PHOTOS: Extremely rare ‘pale tiger’ photographed for the first time ever

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A rare "pale tiger" has been photographed in southern India, the first time one has been captured on film.

"It was raining on and off," photographer Nilanjan Ray wrote in an email to Fox News, describing the trip. "The rain had stopped for a few minutes, and the sun was about to come out. I was driving, when after a turn, we suddenly saw something that looked like a tiger (this one looked normal) walking on the road, maybe 200++ feet away. After a few seconds it ran up the hillside and vanished."

(Nilanjan Ray)

The "pale tiger" is different from a white tiger, as it to believed to have a genetic mutation that causes color morphism.


Ray added that he waited for the tiger to come back but it did not. He and his crew began to drive past the stretch, where he noticed the "white looking tiger" on the hillside, partially concealed by the undergrowth.

"It looked rather curious (and cute) than scared or aggressive," Ray told Fox News. "And then another tiger - normal, orange one - appeared, much closer to us. We could see its head behind a bush. They could be siblings, or mother and cub (the white one looked like a sub-adult). They played hide and seek with us for a while before vanishing, but not before I had taken some photos."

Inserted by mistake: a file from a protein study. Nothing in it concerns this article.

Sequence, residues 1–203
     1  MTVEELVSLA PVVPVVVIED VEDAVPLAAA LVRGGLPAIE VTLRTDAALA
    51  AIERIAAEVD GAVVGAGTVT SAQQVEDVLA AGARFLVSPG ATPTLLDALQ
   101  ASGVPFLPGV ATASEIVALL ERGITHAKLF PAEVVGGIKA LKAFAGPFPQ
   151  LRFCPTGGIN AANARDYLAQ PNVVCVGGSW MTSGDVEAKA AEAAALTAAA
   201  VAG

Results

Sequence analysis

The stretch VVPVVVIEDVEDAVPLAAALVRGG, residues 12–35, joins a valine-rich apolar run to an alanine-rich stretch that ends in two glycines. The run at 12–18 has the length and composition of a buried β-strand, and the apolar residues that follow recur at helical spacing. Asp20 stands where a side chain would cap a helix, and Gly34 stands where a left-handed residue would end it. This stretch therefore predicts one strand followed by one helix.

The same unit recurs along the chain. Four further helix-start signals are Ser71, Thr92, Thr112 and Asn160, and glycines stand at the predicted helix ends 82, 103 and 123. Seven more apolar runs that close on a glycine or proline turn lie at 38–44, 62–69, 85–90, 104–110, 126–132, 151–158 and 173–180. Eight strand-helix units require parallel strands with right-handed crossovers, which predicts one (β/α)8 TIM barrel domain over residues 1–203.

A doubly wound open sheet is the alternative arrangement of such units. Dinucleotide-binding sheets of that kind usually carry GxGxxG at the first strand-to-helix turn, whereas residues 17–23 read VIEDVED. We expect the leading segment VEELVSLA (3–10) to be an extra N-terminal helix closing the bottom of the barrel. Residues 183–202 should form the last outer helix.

Ray took the photographs while in the Nilgiri biosphere reserve in Tamil Nadu state. The images have gone viral after Ray released them on his website.

(Nilanjan Ray)

The photographer, who left the corporate world a couple of years ago to pursue his passion in photography, said he has told the forest department about the tiger. They assured him they were taking the the "necessary steps (camera traps, protection etc.)" and that the exact location would not be made public "because of obvious crowding and poaching threats.


“It is the palest tiger I have ever seen on the record or heard about in literature,” said Belinda Wright, the founder of the Wildlife Protection Society of India in an interview with The Guardian.

Wright added that she has only seen one pale tiger before this one, but added it wasn't as pale as the one recently photographed.